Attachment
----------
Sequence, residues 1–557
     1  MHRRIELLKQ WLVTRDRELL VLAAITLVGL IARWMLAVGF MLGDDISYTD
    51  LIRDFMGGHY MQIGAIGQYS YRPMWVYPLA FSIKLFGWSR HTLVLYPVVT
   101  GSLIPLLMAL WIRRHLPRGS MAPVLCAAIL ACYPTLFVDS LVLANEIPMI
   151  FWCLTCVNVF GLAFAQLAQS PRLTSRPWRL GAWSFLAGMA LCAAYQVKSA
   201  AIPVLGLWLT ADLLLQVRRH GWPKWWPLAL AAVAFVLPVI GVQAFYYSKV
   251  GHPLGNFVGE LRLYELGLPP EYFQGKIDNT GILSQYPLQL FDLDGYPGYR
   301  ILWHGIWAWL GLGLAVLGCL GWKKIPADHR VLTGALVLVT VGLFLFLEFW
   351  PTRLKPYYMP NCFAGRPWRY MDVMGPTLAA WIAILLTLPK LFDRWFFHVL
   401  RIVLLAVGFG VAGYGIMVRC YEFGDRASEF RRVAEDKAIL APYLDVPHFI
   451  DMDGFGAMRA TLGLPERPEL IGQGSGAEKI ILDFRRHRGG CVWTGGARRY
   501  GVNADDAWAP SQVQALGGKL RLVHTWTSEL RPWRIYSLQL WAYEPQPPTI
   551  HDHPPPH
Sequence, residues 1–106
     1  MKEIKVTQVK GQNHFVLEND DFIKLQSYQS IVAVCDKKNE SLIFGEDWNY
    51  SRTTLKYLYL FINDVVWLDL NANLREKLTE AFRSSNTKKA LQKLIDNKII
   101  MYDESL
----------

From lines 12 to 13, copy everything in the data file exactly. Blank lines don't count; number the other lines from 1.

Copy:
   501  GVNADDAWAP SQVQALGGKL RLVHTWTSEL RPWRIYSLQL WAYEPQPPTI
   551  HDHPPPH